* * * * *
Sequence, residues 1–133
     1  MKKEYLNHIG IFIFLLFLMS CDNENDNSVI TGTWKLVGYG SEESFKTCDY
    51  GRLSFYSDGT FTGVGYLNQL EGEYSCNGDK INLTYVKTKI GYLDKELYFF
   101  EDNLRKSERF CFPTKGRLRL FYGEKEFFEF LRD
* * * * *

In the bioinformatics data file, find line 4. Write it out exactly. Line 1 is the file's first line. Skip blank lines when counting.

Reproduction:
   101  EDNLRKSERF CFPTKGRLRL FYGEKEFFEF LRD